}).orElseThrow(() -> new ResourceNotFoundException("productId " + productId + " not found"));
	}
}

Step 7: Configure database, hibernate and logger

application.properties

# Database configuration props
spring.datasource.url=jdbc:mysql://localhost:3306/rest?createDatabaseIfNotExist=true
spring.datasource.username=root
spring.datasource.password=secret
#spring.datasource.driver-class-name=com.mysql.cj.jdbc.Driver
 
# hibernate props
spring.jpa.show-sql=true
spring.jpa.hibernate.ddl-auto=create-drop
spring.jpa.properties.hibernate.dialect = org.hibernate.dialect.MySQL5InnoDBDialect
logging.level.root=info
logging.file.path=D:/logs

Note: spring.jpa.hibernate.ddl-auto property values are nonevalidateupdatecreate-drop. The create-drop value is used here for creating the database table during application startup and drop it during shutdown. In production, it’s often highly recommended to use noneor simply don’t specify this property.

Run with Maven

You can run the application using mvn clean spring-boot:run 

Testing the Services

We are gonna use the Postman app for testing the REST services

Add new product

Request

POST /products HTTP/1.1
Host: localhost:8080
Content-Type: application/json
Cache-Control: no-cache
Postman-Token: 22c286a8-8a12-f9ee-9400-9f7f5413036c

{
"name": "headset",
"price":10
}

Response

Add new product

Update Product

Request

PUT /products/1 HTTP/1.1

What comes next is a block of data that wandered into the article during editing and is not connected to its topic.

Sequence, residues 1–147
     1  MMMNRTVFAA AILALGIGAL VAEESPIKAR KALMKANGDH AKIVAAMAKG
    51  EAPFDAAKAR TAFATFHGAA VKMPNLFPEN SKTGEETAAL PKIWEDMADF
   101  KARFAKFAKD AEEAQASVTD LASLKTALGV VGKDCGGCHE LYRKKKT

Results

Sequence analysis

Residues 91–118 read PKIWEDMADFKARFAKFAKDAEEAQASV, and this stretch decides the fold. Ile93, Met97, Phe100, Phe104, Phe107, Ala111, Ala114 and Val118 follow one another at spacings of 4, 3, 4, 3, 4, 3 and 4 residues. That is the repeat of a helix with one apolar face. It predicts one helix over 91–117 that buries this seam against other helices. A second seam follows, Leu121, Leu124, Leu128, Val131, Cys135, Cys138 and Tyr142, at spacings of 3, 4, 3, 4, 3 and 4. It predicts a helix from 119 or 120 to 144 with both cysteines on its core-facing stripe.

Host: localhost:8080
Content-Type: application/json
Cache-Control: no-cache
Postman-Token: da250557-d76d-f6f7-5db3-2ea80a438acf

{
"name": "sony headset",
"price":15
}

Response

Update product

Get product

Request

GET /products/1 HTTP/1.1
Host: localhost:8080
Cache-Control: no-cache
Postman-Token: 982a1ef9-9eb9-01fc-ee0f-f875558c28b7

Response

Get product

Get all products

Request

GET /products?consumerKey=tester HTTP/1.1
Host: localhost:8080
Cache-Control: no-cache
Postman-Token: bf8232b2-1257-8ab5-3bef-a933aebc904f

Response

Get all products

Response: When product not found

Delete Product

Request

DELETE /products/1 HTTP/1.1
Host: localhost:8080
Cache-Control: no-cache
Postman-Token: 6dedb57a-9001-4380-0cb0-5107fcd66b45
Content-Type: multipart/form-data; boundary=----WebKitFormBoundary7MA4YWxkTrZu0gW

Response

Delete product

Source Code

As always, you can get the source code from the Github below

https://github.com/JavaChinna/spring-boot-rest-crud

Conclusion

That’s all folks! In this article, you’ve learned how to implement Spring Boot RESTful services for CRUD operations.

I hope you enjoyed this article. Thank you for reading.